The former Bitcoin developer does think Tornado is a step in the right direction and called the project a “fantastic building block.” Following the blog post on Tornado, Andresen published another post on the same subject the following day. On Tuesday the developer explained his description of the type of wallet he’d like to leverage. Andresen explained the perfect setup for receiving Andresen’s dream wallet would give individuals a normal ETH address where they could receive some ether. “But after funds were received to that address, the wallet would automatically forward them into Tornado,” Andresen wrote. To the engineer, sending would be a three-step process, which includes one or more withdrawals from Tornado to a never-before-used address, sending the ETH to the destination address, and then re-deposit any leftover funds back into Tornado.

Gavin Andresen Speaks About Ethereum's Tornado and Wallet Privacy

However, Andresen doesn’t seem to think there’s a simple solution and he also addressed the “change problem,” which can lead to transaction data leakage. Andresen said that a future version of Tornado could support depositing and withdrawing arbitrary amounts. “Which is the best solution to the problem,” the developer stressed. This issue is being tackled today, as Bitcoin Cash developers have been making strides with Coinjoin transactions that can be done in arbitrary amounts.

Bitcoin Magazine’s technical writer Aaron van Wirdum wrote an editorial about the subject on January 13 in a post titled: “Do CoinJoins Really Require Equal Transaction Amounts for Privacy? Part One: Cashfusion.” The writer explained that BCH developers claim Cashfusion can provide Coinjoin transactions without the equal amount requirement. “If true, this might drastically change how we think about privacy in Bitcoin as well,” van Wirdum detailed.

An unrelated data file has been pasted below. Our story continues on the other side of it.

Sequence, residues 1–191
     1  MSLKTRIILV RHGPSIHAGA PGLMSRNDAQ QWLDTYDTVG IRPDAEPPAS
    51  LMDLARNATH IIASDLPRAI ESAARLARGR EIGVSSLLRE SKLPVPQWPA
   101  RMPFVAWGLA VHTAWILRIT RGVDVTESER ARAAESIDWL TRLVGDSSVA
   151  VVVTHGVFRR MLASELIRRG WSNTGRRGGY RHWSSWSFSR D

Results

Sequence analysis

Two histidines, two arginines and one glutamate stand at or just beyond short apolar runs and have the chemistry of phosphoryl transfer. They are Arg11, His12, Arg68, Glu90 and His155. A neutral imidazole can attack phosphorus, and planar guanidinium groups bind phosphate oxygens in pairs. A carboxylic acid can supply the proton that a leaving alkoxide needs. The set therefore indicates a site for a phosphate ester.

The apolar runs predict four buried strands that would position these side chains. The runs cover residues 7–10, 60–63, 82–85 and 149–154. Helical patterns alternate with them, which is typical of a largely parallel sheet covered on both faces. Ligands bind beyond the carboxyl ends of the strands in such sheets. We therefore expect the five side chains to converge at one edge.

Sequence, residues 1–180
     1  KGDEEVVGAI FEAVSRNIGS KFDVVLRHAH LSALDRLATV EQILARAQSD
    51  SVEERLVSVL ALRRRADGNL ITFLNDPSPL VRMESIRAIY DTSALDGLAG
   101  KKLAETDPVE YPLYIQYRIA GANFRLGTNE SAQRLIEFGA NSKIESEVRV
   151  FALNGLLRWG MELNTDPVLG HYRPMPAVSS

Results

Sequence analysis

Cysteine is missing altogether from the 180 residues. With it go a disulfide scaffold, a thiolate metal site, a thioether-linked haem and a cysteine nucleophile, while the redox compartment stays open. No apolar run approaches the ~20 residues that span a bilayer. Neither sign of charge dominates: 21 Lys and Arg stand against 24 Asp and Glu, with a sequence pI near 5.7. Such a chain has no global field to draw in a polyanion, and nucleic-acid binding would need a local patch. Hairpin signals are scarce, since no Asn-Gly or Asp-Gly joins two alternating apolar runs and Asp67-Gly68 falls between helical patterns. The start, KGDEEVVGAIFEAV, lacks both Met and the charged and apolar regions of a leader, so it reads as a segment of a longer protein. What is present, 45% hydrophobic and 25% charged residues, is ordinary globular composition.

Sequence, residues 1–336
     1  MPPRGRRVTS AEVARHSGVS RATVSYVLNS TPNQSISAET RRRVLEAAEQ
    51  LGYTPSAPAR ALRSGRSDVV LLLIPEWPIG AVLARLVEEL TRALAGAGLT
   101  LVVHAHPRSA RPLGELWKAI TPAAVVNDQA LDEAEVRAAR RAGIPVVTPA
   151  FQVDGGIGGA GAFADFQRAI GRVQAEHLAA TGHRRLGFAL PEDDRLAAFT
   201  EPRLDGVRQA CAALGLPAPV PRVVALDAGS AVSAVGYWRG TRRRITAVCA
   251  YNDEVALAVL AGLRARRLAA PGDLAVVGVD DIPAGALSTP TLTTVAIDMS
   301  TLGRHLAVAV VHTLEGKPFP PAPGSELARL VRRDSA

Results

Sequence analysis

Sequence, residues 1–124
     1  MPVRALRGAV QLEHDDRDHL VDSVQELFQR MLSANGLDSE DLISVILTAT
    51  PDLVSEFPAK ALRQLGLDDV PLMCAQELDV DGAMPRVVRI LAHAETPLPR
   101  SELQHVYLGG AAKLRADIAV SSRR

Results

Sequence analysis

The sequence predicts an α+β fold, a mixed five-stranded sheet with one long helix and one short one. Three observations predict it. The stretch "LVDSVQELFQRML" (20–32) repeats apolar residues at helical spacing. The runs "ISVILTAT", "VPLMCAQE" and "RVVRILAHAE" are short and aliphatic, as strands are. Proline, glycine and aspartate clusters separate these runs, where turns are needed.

Gavin Andresen Speaks About Ethereum's Tornado and Wallet Privacy

Andresen’s post explains the problems with Coinjoin transactions and seems to hint that things could be improved. “I’d also be happy with an opinionated wallet that “rounds down balances for privacy” and automatically sent the change to the wallet developer’s favorite charity (or maybe goes to fund wallet development, or a little bit of both),” Andresen’s blog post on Tuesday notes. “Not a huge price to pay for privacy, especially if it goes to a good cause,” the developer concluded.

What do you think about Andresen’s blog posts about Tornado.cash and wallet privacy? What do you think about the possibility of Cashfusion being the answer to some of the problems mentioned with Coinjoin-based transactions? Let us know what you think about this topic in the comments section below.

Disclaimer: This article is for informational purposes only. Readers should do their own due diligence before taking any actions related to the subject matter written above. Neither the company nor the author is responsible, directly or indirectly, for any damage or loss caused or alleged to be caused by or in connection with the use of or reliance on any ideas, software, concepts, content, goods or services mentioned in this article.


Image credits: Shutterstock, Wiki Commons, Fair Use, Twitter, Tornado.cash, and Pixabay.


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Author: Jamie Redman